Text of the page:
Beating the Competition is as Easy as Getting the City to Give You Their Business
Cities regularly use eminent domain to favor one business over another. In Illinois, the Swansea City Council authorized the condemnation of an 84 Lumber Store so that the City could replace it with a Home Depot. Cities want slicker, trendier business establishments. That’s why Lancaster was happy to condemn the 99 Cents Only store for Costco. Both San Leandro, California, and Merriam, Kansas, condemned used car dealers for new car dealers. Cleveland forced out a working-class bar so that it could have an upscale restaurant instead. And San Jose, California, is condemning a successful shopping center full of Mexican merchants and transferring it from its current owner, who has been redeveloping it, to another developer. The City claims that the project is not moving fast enough, so the plans call for keeping most of the buildings and tearing down one entire building to move it over slightly. The merchants who can now afford the leases on their spaces will be displaced for several years, then able to afford the new rents only if subsidized by the government. Unlike City officials, the local merchants would prefer their current market to the gentrified one the City seems to have in mind.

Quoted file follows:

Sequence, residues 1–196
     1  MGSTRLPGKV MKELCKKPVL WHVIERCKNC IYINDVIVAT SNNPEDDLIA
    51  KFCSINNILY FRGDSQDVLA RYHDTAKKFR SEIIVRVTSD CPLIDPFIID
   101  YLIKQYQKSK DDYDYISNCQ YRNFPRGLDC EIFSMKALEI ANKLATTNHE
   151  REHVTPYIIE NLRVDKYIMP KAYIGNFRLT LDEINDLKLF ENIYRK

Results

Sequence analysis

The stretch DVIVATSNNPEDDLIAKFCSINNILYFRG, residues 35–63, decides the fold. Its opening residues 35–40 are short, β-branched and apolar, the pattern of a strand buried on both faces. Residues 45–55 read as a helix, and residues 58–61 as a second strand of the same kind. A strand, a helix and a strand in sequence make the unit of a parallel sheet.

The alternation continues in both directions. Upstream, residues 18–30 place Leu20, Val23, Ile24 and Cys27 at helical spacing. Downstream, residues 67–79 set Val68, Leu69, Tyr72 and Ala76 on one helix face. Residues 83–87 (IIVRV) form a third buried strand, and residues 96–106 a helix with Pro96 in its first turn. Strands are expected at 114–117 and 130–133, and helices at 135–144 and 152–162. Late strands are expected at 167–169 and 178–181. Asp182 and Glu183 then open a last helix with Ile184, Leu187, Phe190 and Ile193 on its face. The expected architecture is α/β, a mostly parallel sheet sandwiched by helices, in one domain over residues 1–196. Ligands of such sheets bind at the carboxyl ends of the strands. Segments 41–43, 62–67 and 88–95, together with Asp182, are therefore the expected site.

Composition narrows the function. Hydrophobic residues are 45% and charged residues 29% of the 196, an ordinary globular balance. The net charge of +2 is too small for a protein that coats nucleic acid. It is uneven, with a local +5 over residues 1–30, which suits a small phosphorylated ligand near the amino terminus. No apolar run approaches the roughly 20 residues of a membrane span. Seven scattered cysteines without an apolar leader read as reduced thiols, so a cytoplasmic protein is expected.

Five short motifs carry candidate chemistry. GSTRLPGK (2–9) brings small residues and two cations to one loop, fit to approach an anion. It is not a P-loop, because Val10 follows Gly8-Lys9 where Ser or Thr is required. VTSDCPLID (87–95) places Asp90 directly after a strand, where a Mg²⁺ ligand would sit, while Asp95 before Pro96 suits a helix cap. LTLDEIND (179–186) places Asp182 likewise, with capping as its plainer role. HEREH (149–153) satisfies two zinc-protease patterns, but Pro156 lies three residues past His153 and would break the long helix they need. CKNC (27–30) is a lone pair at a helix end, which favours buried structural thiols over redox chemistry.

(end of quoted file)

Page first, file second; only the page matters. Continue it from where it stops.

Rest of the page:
Sometimes, the choices are so incomprehensible that it seems as if local bureaucrats just want to feel like they are in control, like when Chicago condemned a piece of land because its owners wanted to build a four- or five-story building while the City wanted a two-story one built by a different developer. Government may condemn property for “public use,” not to select favorite retail establishments and favorite property owners. This type of micromanagement, resulting in huge financial gains to some businesses and losses to others, is a patent abuse of power.
Sources: All of these situations are described in this report under their respective cities.